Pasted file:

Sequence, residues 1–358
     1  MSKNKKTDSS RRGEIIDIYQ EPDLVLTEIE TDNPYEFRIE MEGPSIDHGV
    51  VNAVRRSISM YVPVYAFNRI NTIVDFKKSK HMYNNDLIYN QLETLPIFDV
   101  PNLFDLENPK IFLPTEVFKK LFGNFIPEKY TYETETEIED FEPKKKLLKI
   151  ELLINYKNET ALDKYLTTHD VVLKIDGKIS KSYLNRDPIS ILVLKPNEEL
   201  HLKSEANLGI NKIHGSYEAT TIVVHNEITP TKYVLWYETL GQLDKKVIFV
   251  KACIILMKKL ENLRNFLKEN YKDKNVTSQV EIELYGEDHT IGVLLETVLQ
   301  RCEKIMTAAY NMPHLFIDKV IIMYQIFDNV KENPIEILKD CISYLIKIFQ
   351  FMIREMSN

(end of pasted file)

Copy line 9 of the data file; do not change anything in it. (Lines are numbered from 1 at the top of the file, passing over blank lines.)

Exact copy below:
   351  FMIREMSN